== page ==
Burkina Faso, République Démocratique du [formerly Upper Volta]
- Jim Rosellini
- , revised by Trevor Wiggins
[formerly Upper Volta]
Country in West Africa. It has an area of 274,122 km², with a rapidly expanding population estimated at 12·06 million in 2000, representing 54–60 ethnic groups. The country was annexed by France in 1896 and granted independence in 1960; the colonial period had a profound effect in the absorption of French customs and the French language. There are, however, three general musical areas, the Voltaic, Mande and Sahelian, which correspond fairly closely with the linguistic, ethnic and geographic divisions of the country, although such generalizations often misrepresent the degree of variation in musical styles.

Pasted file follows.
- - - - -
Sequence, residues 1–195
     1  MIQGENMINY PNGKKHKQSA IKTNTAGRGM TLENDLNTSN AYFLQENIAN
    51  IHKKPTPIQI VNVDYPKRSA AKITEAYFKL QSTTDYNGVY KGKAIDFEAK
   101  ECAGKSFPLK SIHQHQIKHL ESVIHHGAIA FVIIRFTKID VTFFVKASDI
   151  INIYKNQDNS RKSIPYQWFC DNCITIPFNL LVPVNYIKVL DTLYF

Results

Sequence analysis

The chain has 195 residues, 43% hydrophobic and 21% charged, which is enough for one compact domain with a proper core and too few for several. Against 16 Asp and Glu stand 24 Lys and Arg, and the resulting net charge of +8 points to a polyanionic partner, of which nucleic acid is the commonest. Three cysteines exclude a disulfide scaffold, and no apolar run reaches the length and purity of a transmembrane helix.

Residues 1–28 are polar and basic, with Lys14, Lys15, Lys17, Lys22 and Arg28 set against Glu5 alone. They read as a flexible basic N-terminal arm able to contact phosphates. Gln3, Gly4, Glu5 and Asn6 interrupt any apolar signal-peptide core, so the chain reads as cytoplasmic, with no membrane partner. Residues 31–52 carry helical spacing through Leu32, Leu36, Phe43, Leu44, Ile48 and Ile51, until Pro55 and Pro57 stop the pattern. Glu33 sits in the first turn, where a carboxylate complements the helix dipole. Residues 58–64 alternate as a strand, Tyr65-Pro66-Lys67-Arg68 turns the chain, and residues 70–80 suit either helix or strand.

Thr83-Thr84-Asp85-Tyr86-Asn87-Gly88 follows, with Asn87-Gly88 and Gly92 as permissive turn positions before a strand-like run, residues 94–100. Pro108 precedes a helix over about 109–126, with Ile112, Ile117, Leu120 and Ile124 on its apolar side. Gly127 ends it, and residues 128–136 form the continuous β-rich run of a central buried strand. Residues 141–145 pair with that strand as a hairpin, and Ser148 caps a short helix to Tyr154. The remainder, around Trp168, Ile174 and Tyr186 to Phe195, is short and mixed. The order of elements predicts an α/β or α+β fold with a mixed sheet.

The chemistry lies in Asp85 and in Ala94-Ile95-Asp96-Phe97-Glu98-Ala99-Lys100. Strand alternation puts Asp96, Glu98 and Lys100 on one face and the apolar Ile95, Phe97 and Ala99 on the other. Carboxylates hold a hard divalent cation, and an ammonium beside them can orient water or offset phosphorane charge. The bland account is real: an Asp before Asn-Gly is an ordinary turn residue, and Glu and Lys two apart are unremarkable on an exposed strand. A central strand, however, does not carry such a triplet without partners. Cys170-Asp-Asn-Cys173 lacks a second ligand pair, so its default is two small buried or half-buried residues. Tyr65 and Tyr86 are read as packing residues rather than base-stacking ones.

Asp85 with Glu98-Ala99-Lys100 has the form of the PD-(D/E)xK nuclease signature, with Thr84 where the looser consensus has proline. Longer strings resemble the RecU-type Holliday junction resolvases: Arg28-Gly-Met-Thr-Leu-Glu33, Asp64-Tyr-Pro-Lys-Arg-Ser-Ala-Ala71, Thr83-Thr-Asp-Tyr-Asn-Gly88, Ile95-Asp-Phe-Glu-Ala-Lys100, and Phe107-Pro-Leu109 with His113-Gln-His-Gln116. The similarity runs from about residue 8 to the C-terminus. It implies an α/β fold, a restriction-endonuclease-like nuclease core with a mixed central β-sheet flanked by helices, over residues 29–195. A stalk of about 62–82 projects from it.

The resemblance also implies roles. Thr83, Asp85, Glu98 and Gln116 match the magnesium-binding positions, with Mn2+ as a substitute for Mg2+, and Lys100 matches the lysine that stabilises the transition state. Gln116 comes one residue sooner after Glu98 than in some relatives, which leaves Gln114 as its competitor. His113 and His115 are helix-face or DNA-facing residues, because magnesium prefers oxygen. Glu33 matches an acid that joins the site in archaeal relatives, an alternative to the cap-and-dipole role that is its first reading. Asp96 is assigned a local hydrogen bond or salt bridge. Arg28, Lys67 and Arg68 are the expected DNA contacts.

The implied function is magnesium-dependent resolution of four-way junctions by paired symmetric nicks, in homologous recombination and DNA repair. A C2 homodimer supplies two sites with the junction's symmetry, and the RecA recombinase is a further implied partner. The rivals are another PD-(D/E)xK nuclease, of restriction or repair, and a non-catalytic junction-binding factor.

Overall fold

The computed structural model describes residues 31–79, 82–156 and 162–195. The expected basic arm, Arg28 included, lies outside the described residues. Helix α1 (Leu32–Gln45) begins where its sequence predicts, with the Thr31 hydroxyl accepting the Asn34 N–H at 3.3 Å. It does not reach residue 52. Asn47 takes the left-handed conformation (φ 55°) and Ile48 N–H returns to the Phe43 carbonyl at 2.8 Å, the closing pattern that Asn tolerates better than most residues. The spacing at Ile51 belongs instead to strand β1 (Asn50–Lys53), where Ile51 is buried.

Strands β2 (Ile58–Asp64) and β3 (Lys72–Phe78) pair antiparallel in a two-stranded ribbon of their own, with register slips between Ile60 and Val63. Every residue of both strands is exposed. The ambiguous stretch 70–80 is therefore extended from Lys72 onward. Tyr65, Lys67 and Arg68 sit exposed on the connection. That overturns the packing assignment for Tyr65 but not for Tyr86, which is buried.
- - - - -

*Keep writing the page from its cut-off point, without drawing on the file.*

The Voltaic area, made up of central, southern, eastern and south-western Burkina Faso, includes the following groups (fig.1 ): the Mossi, Gurma, Kurumba, Yarse, Bwa (Bobo), Lela (Lyela), Kasena, Nuna, Ko, Pwo (Pwẽ), Nankanse (Nankani), Birifor, Dagara, Lobi, Gan, Komono (Khisa), Sénoufo (Senufo), Karaboro, Gouin, Wara and Ble (Blé). These groups, as well as the Mande groups listed below, use gourd drums, hourglass tension drums, cylindrical and conical drums to perform complex interwoven rhythms based on ostinato-like figures. There is a strong emphasis on chanting, while solo singing is less common. The Birifor, Dagara, Lobi and Sénoufo also use xylophones, often for funeral music but also for recreation. These instruments usually have 14–18 keys with gourd resonators. The style and pitch of the instruments vary greatly across the region, with the northern instruments resembling the Malinké ...